I recently posted an article in which I suggested that the “church” existed well before the New Testament (before the Gospels or Acts). The thoughts rose out of some teaching sessions I gave in a Missiology course, one where our driving focus in discussing “church” (or any topic) is that of mission.
And I believe that mission is best understood when we see the mission of God being made known from the beginning – starting in Genesis 1. And, I believe the same attention needs to be given when we discuss this community of God’s people we call “church.”
I centered a lot of the discussion around linguistics. The word we use, “church,” comes from the Greek ekklesia. Most are aware of this.
However, this word ekklesia - generally meaning assembly, gathering, or congregation – was also used in the Old Testament to describe God’s old covenant people of Israel. It’s just that the Hebrew word is qahal.
But both – ekklesia and qahal – mean and are translated in English as assembly, gathering, or congregation. Continue reading
When people talk about church, or study about it in Scripture, where do they first turn? Normally the New Testament, most likely starting in Acts. But I’m convinced that’s not where we need to begin.
Interestingly enough, the word church shows up before Acts, in 2 places in the gospels: Matt 16:13-20 and Matt 18:15-20. Those passages have been highly debated, especially amongst Roman Catholics and Protestants. I actually side with the Roman Catholics on a point – mainly that Peter is the rock in Matt 16, not “Peter’s confession.” Protestants work too hard to connect “rock” with that statement in Matt 16:16, or work too hard to disconnect it from the person, Peter. Continue reading
Derbyshire, over at the CharisMissional blog, shared an interesting post a few weeks back. He takes time to list posts about mission for all 26 letters of the alphabet – A to Z.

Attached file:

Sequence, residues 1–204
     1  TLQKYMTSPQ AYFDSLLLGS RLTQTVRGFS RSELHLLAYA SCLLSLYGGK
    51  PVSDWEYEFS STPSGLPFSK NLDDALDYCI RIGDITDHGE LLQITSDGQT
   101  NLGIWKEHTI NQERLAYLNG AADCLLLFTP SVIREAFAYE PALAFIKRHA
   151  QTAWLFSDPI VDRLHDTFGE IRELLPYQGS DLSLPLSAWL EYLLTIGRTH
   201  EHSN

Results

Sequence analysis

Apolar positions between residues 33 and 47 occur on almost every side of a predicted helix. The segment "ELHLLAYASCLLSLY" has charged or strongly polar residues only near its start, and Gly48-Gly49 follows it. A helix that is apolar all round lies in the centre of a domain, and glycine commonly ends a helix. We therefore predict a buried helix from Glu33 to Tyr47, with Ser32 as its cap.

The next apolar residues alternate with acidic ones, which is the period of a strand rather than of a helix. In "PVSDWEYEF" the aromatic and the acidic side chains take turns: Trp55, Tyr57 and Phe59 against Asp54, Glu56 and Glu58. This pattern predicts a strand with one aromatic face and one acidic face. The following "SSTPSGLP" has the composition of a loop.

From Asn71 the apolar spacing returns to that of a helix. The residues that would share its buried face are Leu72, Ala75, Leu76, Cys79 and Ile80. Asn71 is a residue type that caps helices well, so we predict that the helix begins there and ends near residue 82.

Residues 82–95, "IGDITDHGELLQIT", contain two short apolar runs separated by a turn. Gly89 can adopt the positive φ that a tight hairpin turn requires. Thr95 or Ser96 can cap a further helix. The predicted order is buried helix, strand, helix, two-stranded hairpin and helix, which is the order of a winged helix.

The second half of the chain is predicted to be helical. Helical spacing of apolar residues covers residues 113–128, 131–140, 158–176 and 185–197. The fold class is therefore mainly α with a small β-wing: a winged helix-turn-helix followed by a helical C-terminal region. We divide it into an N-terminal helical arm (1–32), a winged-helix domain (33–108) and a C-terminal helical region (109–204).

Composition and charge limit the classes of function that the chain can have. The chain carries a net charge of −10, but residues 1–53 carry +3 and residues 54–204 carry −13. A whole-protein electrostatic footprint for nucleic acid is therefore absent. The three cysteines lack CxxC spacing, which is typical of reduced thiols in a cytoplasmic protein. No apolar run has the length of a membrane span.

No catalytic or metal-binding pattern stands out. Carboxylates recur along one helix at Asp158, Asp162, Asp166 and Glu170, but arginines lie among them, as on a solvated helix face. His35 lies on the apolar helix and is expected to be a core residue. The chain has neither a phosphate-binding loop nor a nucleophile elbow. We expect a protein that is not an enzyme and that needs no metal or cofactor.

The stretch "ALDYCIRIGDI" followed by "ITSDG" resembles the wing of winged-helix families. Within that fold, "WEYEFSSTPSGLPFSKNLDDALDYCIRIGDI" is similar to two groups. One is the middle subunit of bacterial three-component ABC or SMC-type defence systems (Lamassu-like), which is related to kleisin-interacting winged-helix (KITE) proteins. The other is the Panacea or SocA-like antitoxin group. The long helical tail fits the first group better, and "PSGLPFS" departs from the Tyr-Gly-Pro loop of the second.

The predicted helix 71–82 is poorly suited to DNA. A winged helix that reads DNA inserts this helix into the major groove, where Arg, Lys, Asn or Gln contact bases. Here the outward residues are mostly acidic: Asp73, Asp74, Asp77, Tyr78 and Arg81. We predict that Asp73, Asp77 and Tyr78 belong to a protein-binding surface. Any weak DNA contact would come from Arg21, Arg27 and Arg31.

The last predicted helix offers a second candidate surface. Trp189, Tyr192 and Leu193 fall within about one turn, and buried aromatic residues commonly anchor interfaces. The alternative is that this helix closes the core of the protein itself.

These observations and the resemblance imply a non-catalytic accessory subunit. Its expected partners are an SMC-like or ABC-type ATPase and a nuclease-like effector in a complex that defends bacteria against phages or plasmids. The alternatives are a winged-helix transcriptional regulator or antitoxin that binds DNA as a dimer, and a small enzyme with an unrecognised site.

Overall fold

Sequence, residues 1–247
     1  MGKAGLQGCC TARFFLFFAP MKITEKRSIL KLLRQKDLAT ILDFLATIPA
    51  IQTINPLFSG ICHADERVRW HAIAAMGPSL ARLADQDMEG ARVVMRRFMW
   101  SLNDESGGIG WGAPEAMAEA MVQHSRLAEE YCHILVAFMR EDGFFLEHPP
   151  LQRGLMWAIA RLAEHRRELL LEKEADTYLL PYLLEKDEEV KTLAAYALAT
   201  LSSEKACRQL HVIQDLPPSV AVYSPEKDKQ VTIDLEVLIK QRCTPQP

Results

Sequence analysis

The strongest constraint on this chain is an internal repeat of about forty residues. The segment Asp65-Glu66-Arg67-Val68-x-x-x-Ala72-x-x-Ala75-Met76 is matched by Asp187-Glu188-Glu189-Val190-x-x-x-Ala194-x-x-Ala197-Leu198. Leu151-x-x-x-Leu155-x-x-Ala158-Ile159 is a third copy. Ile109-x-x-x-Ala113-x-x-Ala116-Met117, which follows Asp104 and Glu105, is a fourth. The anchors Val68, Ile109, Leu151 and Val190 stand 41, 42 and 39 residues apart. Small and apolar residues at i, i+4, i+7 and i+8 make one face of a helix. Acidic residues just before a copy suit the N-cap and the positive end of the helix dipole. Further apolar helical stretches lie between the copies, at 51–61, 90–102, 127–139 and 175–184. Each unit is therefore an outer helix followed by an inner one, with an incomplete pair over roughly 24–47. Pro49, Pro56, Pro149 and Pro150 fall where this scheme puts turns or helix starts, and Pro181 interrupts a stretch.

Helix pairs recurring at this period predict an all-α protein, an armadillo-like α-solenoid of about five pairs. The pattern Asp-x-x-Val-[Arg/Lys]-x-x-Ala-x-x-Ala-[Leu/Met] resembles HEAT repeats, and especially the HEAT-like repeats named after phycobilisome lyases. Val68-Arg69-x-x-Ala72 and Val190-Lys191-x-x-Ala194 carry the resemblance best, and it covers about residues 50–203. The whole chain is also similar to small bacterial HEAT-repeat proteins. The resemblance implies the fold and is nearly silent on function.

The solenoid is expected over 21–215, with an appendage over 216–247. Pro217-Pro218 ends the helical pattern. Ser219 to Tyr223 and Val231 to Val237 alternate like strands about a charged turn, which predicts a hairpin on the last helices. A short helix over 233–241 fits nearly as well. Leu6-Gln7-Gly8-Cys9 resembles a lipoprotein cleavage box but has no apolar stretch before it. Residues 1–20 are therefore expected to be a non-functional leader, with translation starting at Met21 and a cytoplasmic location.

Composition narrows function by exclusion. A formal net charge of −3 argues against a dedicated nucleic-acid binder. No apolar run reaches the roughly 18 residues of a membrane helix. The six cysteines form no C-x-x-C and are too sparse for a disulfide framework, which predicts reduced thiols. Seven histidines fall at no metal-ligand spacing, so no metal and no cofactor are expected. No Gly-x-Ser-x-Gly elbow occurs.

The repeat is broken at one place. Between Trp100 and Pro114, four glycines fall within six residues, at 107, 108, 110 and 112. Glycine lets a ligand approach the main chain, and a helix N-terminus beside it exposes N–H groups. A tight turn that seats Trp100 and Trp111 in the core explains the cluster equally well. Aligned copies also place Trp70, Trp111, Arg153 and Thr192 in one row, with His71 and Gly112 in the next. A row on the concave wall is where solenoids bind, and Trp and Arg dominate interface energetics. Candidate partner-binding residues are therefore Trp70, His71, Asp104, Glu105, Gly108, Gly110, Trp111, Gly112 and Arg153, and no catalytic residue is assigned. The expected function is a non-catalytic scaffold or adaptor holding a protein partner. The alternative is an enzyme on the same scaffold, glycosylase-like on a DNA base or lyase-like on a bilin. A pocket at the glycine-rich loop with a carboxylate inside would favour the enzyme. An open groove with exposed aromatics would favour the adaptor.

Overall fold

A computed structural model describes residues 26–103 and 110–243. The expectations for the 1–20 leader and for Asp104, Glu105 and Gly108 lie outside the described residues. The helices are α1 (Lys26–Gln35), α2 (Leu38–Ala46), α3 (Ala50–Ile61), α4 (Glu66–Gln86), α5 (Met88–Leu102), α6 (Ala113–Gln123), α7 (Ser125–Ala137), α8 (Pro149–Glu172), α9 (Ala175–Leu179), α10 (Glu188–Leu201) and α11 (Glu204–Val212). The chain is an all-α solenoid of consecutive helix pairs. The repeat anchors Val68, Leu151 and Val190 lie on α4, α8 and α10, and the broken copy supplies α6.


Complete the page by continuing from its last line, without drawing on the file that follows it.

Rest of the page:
So check it out here.
Recently, Dr Martin Robinson, Principal of Springdale College, gave a lecture amongst the leaders of Global Horizons on the spiritual-religious landscape of Europe. It’s an interesting survey of what is currently taking place in Europe, which is quite different from occurrences in the rest of the world.
See the video below. Continue reading
As I shared a couple of weeks back, we recently had a team visit us from Trinity School of Theology, a ministry training college based out of Rugby, England, and part of the network of churches we work with in Global Horizons. They came as part of their training, but also to serve alongside us at Cornerstone in reaching out into our Belgian context.
The first day, Monday, we were involved in some work within the city of Brussels: 1) cleaning a local park and 2) spending time with our international refugee friends. With the guy refugees, we played football (soccer) in the park that we cleaned a few hours earlier. The ladies headed up a beauty day treatment for the females. The second day, we planned craft and fun activities for the refugees. While none of this seems revolutionary by human standards, it is quite amazing the doors that are opened through conversations and relationships with people living in a very foreign land as refugees. Salt was sprinkled, light was shone, and conversations of Christ were right in our midst.
The next two days, we spent time out in our local Flemish-speaking community. From picking up litter along the main street, to passing out leaflets for an Explore Faith course starting in later May, to serving in a local social services centre, all of this gave us an opportunity within our community. Again, to my knowledge, no one asked how they might be ‘saved’. But we were able to develop relationships that I believe are the beginnings of God working amongst a people that need to know the love of Christ.
My deep desire and prayer is that God continue to open doors into the lives of people in the Brussels, Belgium area, especially in our local Flemish-speaking area just south of Brussels. God has created these people and He deeply loves them. Now to see us engage in hearing God and living out His heart in this community.